Improving the DIY integrating sphere

saabluster

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I am truly amazed at the time and effort that many here have put into building integrating spheres. The cooperation seen in the past amongst the community in helping one another with calibration and builds has been one of CPFs high points. There has been a great deal of effort expended on deciding how best to build these spheres but I have found it intriguing that one of the most important aspects of an IS has completely been ignored. Sure there have been a few here and there that have made mention of the need for a proper coating but I know of no one yet that has actually done it. I know people here care about having as accurate a device as is possible so the only thing I can figure is that people just don't see the importance. Well hopefully we can change that.

If you do any amount of research into IS you will find how much they stress the importance of a good coating. Without the coating your IS is more of a S. than an IS. There are two main qualities you want in the coating. Diffuse reflectivity and it needs to reflect as much of the spectrum as possible. A standard flat white paint from the hardware store may fill the need for diffuse but it is doubtful it will faithfully reflect the spectrum of the light source. That would lead to incorrect readings.

Spectralon is the industry standard for coatings as it is an exceeding good diffuse reflector over a wide spectrum range. It is also exceedingly expensive and out of reach to the DIYer. So what to do?

In my research I found this article that mentions that barium sulfate powder alone on a surface actually performed better than Spectralon in the 425nm-600nm range which just so happens to be the sweet-spot for what we deal with here. Of course they rightly saw a need for a binder agent as just applying powder to a surface without having something to hold it all together and to the surface is not a good idea. So they mixed it in with a white latex paint. The problem is that the performance decreases as paint is added. This got me to thinking about the need to have the bare powder face out to get the best performance so I started to do a little experimenting. So far the best binder I have found is a white latex paint but I don't mix the BS into the paint but rather paint the surface and then while it is still wet dust it so that the powder adheres. This leaves a very flat(as in sheen) and diffuse reflecting surface. Perfect for an IS.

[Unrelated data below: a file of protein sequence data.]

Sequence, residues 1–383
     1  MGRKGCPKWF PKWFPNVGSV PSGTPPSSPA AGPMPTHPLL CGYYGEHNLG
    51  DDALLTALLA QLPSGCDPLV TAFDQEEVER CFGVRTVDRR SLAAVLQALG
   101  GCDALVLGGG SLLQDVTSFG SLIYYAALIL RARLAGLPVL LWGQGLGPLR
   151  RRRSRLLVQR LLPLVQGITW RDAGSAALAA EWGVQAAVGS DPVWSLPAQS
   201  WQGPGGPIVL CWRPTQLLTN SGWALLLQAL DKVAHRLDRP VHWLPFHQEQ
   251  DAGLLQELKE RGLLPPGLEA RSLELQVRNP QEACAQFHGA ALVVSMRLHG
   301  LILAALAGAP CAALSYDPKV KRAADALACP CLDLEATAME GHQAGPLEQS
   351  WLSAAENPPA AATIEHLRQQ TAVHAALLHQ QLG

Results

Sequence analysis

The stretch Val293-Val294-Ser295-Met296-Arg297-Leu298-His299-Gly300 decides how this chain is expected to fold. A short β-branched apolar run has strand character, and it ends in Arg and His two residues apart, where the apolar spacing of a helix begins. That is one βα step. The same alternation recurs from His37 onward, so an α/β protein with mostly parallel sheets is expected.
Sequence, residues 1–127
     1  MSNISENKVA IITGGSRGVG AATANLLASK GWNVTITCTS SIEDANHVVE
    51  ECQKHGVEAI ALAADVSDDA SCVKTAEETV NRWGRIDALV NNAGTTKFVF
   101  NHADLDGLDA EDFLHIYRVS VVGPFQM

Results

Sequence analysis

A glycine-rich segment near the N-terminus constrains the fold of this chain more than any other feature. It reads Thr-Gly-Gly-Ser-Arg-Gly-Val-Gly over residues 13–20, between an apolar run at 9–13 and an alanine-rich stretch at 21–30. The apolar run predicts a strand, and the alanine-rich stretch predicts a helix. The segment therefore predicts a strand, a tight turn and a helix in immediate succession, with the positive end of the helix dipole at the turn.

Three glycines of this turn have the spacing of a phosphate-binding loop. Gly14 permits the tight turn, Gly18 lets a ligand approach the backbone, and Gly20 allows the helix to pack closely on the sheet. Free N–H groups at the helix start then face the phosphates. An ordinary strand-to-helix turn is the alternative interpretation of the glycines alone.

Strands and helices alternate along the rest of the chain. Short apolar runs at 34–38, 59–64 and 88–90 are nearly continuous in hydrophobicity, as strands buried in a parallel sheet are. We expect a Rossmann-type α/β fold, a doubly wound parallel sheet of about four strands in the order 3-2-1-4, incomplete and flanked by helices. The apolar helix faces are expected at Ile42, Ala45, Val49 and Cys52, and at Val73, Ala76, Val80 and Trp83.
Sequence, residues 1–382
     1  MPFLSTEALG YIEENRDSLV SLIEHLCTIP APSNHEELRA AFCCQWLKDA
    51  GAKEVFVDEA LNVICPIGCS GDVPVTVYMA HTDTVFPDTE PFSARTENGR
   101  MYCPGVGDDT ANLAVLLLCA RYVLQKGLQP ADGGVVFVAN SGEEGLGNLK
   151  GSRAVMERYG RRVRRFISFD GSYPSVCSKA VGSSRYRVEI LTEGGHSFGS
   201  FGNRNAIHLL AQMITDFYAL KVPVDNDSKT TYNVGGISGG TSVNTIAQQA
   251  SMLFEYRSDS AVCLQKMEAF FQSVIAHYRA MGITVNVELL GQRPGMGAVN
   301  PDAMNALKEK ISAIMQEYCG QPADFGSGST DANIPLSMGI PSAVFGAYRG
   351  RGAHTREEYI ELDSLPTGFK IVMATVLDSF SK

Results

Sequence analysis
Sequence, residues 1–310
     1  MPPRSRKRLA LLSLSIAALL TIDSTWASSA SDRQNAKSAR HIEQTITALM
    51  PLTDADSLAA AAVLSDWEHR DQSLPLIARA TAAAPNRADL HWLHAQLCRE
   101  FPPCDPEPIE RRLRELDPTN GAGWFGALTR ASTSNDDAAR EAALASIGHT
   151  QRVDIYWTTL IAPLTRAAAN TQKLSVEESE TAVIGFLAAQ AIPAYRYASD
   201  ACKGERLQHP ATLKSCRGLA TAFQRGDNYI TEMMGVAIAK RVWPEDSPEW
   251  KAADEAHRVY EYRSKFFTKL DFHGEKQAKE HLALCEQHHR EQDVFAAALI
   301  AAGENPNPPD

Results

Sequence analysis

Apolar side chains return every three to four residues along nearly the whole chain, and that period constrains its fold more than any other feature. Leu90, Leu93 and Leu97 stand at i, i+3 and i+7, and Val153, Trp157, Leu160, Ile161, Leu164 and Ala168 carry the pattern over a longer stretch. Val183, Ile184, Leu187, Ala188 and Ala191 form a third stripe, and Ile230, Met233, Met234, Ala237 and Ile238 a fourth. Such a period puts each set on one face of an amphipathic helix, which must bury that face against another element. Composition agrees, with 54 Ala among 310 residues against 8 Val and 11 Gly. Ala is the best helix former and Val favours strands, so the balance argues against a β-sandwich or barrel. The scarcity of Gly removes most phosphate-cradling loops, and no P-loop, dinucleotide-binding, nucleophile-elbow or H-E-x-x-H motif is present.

To show the difference in performance between the bare foam as is used in most of the DIY spheres I made a little demo and posted it over at my youtube account. I invite you to take a look at just what a difference it can make. Sorry that the sound seems out of step with the video. I have no idea how to fix that.:eek:

And here's the best part. It's incredibly cheap! Here is a link to a pound of the powder for only $6 plus shipping. This is an absolute must have in my opinion if you want your integrating sphere to be a true tool. So get cracking on those spheres.:thumbsup:
 
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angelofwar

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Not to mention, there's an App to put a Lux-Meter on your Ipod Touch or IPhone...may be able to use this in the shoe-box method? Not sure how accurate it is, but it will definitely tell you which of the lights you have are brighter.
 

Glenn7

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Mike,
I am so glad you did this as I have never really liked those Styrofoam sphere readings mostly because any photos I have seen of people's set ups show the light going/shining through onto the wall behind the sphere and that is light lost - even more noticeable with throwy lights and thats why some lights I know have not been given good ratings.
 

saabluster

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Not to mention, there's an App to put a Lux-Meter on your Ipod Touch or IPhone...may be able to use this in the shoe-box method? Not sure how accurate it is, but it will definitely tell you which of the lights you have are brighter.
Well I suppose it might be better than your eye but anyone who wants their measurements to be taken seriously should avoid using the iphone. It might tell you which one is brighter and then it may not especially when linked to a box. There is a reason they don't make integrating boxes.

Mike,
I am so glad you did this as I have never really liked those Styrofoam sphere readings mostly because any photos I have seen of people's set ups show the light going/shining through onto the wall behind the sphere and that is light lost - even more noticeable with throwy lights and thats why some lights I know have not been given good ratings.

Well don't get too caught up on the fact that some light escapes out the back. It does that with my setup as well although it is attenuated some. It would have in the test done in the link provided as well. A little light leakage will not change the fact that the powder is a diffuse reflector and faithfully reflects the spectrum. It does mean however that every effort should be made to have the layer of barium sulfate be uniform as possible. Otherwise it will make a little bit of difference in the consistency of performance between lights with very different beams.
 
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angelofwar

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Yeah, I just got it for a quick reference, and don't plan to take "serious" lux readings...just thought I'd put it out there for others who may be interested :thumbsup:
 

saabluster